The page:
Deriving its name from Fort Washington, a stronghold built during the Revolutionary War, Hudson Heights is an enclave of Washington Heights and is a subset of one of Manhattan's largest neighborhoods. It hosts a large Jewish population and a thriving Dominican community. The neighborhood is set somewhat apart from the rest of the city. Hudson Heights stretches from West 173rd Street to the top of Fort Tryon Park (home to the Cloisters, a branch of the Metropolitan Museum of Art), and from Broadway to the Hudson River.
In fact, Washington Heights is arguably the center of Dominican-American political, creative, and athletic achievement in the US. Recently, the neighborhood has become hot among first-time buyers and recent college graduates seeking affordable Manhattan housing. Thus, Washington Heights is in transition as its population becomes more diverse and real estate values creep upward.
The area doesn’t boast much in the way of a vibrant nightlife, but it is in close proximity to La Marina. La Marina is a venue that has two outdoor patios, glass-enclosed indoor space, multiple bars, and party dance floor, and allows diners a gorgeous view of the George Washington Bridge and Hudson River. Another popular spot in the area is Apt 78, a casual lounge with blood-pumping live music, DJs, and a brunch, lunch, and dinner menu with scrumptious options. There are small shops and local service establishments in and around Hudson Heights, and specialized emporiums like Moscow on the Hudson.
With the quickly changing landscape came Hudson Pilates, a fitness center that opened on West 181st Street and offers Pilates and Zumba classes to residents. Newcomers to the neighborhood's food scene include 181 Cabrini, a popular coffee and wine bar, and Bangkok Heights. The latest addition to the stretch on West 181st St. is Saggio, a Sicilian restaurant with a beer garden in the backyard. The area around West 187th Street is less busy but also has shops and restaurants, among them Cafe Buunni, a hip coffeehouse that serves Ethiopian blends.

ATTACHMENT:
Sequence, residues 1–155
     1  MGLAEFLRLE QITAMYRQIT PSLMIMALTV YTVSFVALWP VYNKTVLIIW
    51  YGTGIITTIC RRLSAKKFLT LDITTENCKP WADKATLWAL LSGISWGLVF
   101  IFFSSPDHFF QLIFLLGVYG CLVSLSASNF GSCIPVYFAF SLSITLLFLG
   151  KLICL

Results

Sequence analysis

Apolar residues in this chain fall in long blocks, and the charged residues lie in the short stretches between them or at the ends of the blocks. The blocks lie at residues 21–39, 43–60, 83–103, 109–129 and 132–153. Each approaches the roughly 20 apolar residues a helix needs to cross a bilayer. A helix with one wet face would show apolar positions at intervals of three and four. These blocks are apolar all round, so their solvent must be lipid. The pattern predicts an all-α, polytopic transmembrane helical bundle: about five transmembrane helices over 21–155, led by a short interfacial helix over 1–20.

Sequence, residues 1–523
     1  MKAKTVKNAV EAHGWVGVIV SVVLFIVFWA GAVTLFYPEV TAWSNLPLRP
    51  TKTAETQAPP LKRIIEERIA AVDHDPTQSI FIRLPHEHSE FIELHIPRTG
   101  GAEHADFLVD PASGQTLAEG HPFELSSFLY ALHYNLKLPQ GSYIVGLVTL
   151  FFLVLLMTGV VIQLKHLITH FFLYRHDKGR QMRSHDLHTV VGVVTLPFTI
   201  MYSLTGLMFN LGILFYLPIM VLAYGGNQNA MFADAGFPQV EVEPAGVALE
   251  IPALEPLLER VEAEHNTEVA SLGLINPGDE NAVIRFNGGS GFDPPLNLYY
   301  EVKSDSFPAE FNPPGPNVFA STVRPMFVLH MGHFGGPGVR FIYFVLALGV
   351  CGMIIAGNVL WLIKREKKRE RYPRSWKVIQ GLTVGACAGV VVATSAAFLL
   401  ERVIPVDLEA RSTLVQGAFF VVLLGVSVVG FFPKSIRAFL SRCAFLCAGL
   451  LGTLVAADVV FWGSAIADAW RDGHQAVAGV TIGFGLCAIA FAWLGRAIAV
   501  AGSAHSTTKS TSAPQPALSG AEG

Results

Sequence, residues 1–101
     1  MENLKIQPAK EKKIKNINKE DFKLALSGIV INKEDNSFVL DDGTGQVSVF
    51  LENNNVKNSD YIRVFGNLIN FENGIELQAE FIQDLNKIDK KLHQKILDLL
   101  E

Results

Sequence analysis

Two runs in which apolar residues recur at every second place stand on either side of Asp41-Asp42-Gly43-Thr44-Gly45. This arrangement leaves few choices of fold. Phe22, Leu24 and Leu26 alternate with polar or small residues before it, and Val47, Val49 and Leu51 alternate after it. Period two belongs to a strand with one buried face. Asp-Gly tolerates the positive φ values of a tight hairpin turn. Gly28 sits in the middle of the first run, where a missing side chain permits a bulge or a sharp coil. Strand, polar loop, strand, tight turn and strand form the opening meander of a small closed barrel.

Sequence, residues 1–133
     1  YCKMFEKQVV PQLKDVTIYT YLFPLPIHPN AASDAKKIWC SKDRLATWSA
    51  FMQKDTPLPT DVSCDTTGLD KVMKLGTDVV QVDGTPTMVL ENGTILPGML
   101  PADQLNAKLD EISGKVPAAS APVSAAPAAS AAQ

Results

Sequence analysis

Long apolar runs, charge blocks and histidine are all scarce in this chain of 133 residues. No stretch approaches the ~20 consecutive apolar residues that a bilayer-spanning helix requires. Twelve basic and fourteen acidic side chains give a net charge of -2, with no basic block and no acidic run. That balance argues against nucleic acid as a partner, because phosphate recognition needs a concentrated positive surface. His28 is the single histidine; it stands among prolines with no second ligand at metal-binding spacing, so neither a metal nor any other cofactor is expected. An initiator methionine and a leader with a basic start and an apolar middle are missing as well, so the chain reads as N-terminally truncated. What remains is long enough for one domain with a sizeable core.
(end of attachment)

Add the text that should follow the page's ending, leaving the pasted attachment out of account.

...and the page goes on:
Many of the landmarks in the area are greenspaces. Gifted to the city in 1935 by John D. Rockefeller, the 67-acre Fort Tryon Park gives this neighborhood a slice of greenery where residents are often seen picnicking. The historic Little Red Lighthouse, is the subject of a popular children’s book. Other green spots are J. Hood Wright Park, which includes a recreation center, and Bennett Park, which occupies the highest point of land in Manhattan, 265 feet above sea level.
Hudson Heights still has a reputation for being one of Manhattan’s most affordable neighborhoods, although prices continue to rise. Most of the residences are in apartment buildings, many of which are cooperatives, and most were constructed in the 1920s through 1940s. The Art Deco style is prominent, along with Tudor Revival. Castle Village, a string of five co-op towers, each with four wings, was completed in 1939 and is set on 7.5 acres of parklike grounds with play areas and benches overlooking the river. In 2016, Hudson View Gardens was placed on the National Register of Historic Places. This 1924 enclave of 15 Tudor-Style buildings is on a winding private street with gardens, a playground and other amenities, meant to resemble a medieval English village.
The neighborhood is serviced by the A, C and 1 subway lines.